Wednesday, October 14, 2009

In Search Of.....Troy

As I've mentioned here before, when I grew up as a kid in the 1970s I was a big fan of the television series, "In Search of....." hosted by Leonard Nimoy. Each half hour episode investigated a different paranormal or pseudoscientific phenomenon, like UFOs or Bigfoot, treating each subject in a more serious and scholarly way than had been done up to that time. A&E and The History Channel re-ran the series for a while about 10 years ago or so. But it's otherwise been unavailable for over 25 years since it went off the air. As a result, I've enjoyed periodically re-watching some of the episodes that have now been posted on You Tube, and lovingly critiquing, with the benefit of 30 years of hindsight, some of the assertions made and explanations proffered.

This morning I was watching an episode on Heinrich Schliemann's discovery of the lost city of Troy in northwest Turkey in the 1870s. Part 2 (of 3) of this episode is embedded below. It was the cache of thousands of exquisite golden artifacts that Schliemann also found there that seemed to validate the site as the "Troy" from Homer's "Iliad." Schliemann later illegally smuggled most of the treasure back to his native Germany, from which it disappeared during the chaos in Berlin at the end of World War II. Near the end of this 10 minute clip, Leonard Nimoy notes that it is probably just as well that, "Schliemann didn't live to see the day that the prize he struggled so hard to win would vanish again without a trace." Nimoy further suggests that, "Someone may have hidden it from the bombardment, then died without revealing the secret of its location. It's possible the Nazis stole it, for their own use in the headlong flight from the advancing Allies. No one really knows."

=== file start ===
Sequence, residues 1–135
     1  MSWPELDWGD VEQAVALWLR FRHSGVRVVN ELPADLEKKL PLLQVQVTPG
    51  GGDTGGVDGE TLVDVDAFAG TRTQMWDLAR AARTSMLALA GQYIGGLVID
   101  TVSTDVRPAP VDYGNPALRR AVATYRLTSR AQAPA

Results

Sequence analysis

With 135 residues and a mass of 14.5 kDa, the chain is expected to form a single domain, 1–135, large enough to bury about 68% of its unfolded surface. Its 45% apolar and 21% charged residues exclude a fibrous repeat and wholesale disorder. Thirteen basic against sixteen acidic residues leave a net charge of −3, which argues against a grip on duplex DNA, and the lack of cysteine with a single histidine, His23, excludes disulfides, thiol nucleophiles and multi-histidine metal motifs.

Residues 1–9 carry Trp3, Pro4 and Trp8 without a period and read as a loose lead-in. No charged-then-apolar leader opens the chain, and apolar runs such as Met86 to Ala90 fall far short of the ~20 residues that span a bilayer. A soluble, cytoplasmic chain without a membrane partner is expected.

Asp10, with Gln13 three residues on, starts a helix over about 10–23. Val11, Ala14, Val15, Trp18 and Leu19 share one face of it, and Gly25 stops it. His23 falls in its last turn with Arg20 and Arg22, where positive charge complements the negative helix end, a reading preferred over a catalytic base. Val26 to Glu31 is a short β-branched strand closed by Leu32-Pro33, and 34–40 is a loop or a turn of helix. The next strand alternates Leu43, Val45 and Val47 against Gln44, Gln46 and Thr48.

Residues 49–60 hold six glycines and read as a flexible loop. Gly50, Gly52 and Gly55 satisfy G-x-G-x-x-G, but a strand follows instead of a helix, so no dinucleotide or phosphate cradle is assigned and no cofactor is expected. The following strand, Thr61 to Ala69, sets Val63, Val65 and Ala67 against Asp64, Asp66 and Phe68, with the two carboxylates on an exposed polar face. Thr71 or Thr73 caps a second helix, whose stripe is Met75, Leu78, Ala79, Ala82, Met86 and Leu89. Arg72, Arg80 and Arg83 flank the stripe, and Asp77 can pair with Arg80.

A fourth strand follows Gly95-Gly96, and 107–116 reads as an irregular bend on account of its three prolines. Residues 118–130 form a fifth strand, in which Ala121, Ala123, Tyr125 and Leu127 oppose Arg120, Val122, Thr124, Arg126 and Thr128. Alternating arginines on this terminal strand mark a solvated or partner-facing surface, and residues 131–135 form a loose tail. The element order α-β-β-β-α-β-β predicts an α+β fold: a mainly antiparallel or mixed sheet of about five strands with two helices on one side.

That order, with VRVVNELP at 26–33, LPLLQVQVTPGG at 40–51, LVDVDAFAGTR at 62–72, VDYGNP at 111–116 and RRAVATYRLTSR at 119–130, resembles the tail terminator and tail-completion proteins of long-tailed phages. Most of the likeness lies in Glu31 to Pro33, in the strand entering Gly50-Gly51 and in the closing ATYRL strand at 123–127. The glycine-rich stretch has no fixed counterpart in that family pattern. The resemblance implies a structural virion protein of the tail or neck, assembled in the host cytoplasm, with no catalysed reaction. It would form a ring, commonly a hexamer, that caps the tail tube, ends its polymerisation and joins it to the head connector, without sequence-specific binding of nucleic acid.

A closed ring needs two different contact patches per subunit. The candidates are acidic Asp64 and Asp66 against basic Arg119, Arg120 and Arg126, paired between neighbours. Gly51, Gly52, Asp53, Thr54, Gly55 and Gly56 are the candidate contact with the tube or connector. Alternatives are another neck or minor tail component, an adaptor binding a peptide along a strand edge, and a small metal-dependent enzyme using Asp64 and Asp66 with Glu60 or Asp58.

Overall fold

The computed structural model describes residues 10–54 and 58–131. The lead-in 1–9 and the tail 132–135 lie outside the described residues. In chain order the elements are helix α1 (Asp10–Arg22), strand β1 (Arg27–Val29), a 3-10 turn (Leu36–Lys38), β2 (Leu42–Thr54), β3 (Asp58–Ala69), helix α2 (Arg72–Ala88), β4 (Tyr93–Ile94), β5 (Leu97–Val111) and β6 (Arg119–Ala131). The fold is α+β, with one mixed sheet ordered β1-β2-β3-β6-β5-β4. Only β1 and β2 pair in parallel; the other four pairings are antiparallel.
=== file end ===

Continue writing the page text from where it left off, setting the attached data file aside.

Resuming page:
As it turns out, this "In Search of..." mystery was solved just 15 years after this episode first aired in March 1978. Despite repeated denials by the Soviets during the Cold War, in August 1993 the Russian Minister of Culture made the astonishing announcement that the treasure had been hidden in a secret depot in Moscow for decades since the war and was now in the Pushkin Museum.

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